Newly authorized COVID-19 diagnostic kit is paired with smartphone app
A research team funded by the National Institutes of Health has launched a study to assess performance and usability of a smartphone app paired with the Quidel QuickVue At-Home COVID-19 Test, which just received an Emergency Use Authorization (EUA) from the U.S. Food and Drug Administration for use with a prescription. The home test was supported by NIH through the Rapid Acceleration of Diagnostics (RADx) initiative, which has spurred the development and commercial availability of millions of COVID-19 tests over the past year.
More than 200 participants have already enrolled in the study that involves daily testing for a two-week period. An app called MyDataHelps, developed by CareEvolution, LLC provides step-by-step instructions for taking the test and important tools such as timers to ensure that the steps of the test are performed at the correct time intervals. Although users can interpret the test result on their own, the app also provides an independent confirmation of the result when the user photographs the test strip with the smartphone camera.
Understanding how individuals interact with these apps and where they find value in them will inform future efforts to advance at-home COVID-19 testing.
The antigen test gives results in just 10 minutes using a nasal swab sample that is placed in a test tube followed by addition of a test strip. The visually read, colored lines that appear on the test strip indicate a positive or negative result—similar to a pregnancy test.
As rapid, at-home COVID-19 tests like QuickVue become more widely available, companion smartphone apps are expected to play an important role in their successful use. Apps offer great potential to assist individuals with administering tests, tracking symptoms, and interpreting results – ultimately resulting in improved test performance and ease-of-use. In addition to providing valuable guidance, apps can also make it straightforward to report results to public health authorities and health care providers.
These technologies are supported by the National Institute for Biomedical Imaging and Bioengineering (NIBIB), part of the NIH. Quidel intends to apply for an additional EUA from the FDA for sale of this test over the counter, without a prescription.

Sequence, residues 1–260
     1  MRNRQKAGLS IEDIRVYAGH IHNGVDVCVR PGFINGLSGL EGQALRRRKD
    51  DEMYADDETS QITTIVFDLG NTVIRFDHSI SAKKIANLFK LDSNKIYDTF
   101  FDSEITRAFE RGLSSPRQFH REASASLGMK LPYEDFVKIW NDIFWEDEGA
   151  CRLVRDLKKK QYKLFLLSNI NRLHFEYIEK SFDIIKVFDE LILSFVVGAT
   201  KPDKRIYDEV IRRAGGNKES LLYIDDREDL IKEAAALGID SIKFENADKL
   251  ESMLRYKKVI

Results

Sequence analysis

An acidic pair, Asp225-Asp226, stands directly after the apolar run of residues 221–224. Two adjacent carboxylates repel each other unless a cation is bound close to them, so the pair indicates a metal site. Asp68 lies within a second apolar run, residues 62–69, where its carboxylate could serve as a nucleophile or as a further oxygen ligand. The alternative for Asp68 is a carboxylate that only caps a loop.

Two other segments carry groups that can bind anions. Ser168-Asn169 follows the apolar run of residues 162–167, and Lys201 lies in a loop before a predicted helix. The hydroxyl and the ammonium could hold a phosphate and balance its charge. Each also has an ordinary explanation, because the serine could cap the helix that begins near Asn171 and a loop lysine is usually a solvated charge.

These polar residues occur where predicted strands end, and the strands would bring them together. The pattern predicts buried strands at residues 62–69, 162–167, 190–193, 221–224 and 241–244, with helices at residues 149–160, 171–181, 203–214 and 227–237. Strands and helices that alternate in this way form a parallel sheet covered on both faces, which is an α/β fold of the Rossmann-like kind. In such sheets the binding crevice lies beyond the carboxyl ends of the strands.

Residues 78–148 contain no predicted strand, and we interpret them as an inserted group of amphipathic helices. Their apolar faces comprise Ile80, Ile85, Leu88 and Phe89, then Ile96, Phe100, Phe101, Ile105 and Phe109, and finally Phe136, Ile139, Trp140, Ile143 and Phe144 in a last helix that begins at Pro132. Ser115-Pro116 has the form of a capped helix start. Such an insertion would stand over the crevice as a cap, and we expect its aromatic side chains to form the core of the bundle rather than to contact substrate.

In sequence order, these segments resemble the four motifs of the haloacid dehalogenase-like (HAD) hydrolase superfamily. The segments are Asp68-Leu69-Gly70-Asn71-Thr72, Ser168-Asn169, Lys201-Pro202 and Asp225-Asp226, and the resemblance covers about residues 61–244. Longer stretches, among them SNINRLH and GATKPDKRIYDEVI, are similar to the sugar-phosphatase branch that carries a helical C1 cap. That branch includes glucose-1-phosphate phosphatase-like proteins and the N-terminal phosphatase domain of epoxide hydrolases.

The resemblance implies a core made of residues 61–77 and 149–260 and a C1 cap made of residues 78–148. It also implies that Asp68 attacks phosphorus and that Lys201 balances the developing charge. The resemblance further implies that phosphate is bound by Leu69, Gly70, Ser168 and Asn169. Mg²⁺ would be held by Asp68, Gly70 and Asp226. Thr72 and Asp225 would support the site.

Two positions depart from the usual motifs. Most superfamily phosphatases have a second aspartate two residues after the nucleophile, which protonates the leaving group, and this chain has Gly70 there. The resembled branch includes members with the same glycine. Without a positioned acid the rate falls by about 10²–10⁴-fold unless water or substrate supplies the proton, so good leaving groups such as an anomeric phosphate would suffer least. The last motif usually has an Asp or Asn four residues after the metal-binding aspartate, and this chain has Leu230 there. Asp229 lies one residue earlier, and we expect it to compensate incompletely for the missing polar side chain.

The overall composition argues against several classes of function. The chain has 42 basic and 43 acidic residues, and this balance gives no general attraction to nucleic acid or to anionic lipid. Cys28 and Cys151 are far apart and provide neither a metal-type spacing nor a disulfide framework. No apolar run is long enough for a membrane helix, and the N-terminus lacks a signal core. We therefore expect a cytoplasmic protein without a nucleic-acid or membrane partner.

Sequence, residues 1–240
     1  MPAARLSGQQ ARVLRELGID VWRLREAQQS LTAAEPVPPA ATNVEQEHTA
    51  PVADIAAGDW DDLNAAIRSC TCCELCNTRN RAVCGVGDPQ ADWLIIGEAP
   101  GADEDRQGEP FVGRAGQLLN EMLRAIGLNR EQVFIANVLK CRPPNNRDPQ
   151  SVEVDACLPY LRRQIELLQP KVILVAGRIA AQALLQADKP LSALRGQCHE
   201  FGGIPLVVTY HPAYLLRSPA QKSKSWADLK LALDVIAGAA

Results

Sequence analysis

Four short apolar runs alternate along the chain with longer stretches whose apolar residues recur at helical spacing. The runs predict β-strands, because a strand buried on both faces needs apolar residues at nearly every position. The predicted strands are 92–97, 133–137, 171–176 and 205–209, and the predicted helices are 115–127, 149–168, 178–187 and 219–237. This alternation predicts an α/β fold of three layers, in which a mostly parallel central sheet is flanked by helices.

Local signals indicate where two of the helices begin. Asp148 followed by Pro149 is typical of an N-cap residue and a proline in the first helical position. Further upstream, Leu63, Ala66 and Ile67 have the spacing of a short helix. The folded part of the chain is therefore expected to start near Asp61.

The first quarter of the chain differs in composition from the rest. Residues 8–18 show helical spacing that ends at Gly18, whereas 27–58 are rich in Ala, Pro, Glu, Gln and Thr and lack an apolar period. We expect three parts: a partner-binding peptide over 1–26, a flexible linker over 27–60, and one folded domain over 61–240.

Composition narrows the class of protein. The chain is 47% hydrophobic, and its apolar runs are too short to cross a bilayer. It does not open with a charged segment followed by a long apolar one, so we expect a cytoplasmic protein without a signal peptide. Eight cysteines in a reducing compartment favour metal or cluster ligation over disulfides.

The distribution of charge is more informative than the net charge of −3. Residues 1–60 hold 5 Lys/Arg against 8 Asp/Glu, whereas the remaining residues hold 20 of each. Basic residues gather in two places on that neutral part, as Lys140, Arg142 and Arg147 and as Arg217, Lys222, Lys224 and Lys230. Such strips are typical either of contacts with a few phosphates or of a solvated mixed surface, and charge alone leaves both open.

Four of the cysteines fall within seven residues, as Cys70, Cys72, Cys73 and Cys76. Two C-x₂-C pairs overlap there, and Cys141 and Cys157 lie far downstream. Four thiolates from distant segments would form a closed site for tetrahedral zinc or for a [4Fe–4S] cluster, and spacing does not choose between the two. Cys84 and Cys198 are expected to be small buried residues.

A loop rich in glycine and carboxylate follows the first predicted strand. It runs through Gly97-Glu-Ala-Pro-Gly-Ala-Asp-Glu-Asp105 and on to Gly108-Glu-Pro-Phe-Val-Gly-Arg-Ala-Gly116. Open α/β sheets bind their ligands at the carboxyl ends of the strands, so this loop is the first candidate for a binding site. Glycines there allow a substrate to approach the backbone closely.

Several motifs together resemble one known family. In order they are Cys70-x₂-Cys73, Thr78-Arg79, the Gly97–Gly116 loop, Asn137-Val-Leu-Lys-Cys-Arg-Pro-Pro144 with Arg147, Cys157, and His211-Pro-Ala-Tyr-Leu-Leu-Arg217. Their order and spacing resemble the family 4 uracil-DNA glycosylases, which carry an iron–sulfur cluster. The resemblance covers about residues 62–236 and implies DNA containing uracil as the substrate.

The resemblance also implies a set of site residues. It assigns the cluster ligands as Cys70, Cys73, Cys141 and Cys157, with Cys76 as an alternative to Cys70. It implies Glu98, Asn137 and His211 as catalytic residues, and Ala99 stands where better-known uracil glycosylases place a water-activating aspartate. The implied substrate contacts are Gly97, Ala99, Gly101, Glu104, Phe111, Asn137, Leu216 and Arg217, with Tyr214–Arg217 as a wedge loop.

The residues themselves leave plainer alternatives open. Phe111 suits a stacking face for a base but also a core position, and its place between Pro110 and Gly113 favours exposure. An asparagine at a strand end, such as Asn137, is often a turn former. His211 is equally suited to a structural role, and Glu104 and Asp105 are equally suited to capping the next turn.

Bruce J. Tromberg, Ph.D., director of NIBIB and lead for the RADx Tech program, can comment on COVID-19 testing technology.
About the Rapid Acceleration of Diagnostics (RADx) initiative: The RADxSM initiative was launched on April 29, 2020, to speed innovation in the development, commercialization, and implementation of technologies for COVID-19 testing. The initiative has four programs: RADx Tech, RADx Advanced Technology Platforms, RADx Underserved Populations and RADx Radical. It leverages the existing NIH Point-of-Care Technology Research Network. The RADx initiative partners with federal agencies, including the Office of the Assistant Secretary of Health, Department of Defense, the Biomedical Advanced Research and Development Authority, and U.S. Food and Drug Administration. Learn more about the RADx initiative and its programs: https://www.nih.gov/radx.
About the National Institute of Biomedical Imaging and Bioengineering (NIBIB): NIBIB’s mission is to improve health by leading the development and accelerating the application of biomedical technologies. The Institute is committed to integrating the physical and engineering sciences with the life sciences to advance basic research and medical care. NIBIB supports emerging technology research and development within its internal laboratories and through grants, collaborations, and training. More information is available at the NIBIB website: https://www.nibib.nih.gov.
About the National Institutes of Health (NIH): NIH, the nation's medical research agency, includes 27 Institutes and Centers and is a component of the U.S. Department of Health and Human Services. NIH is the primary federal agency conducting and supporting basic, clinical, and translational medical research, and is investigating the causes, treatments, and cures for both common and rare diseases. For more information about NIH and its programs, visit www.nih.gov.
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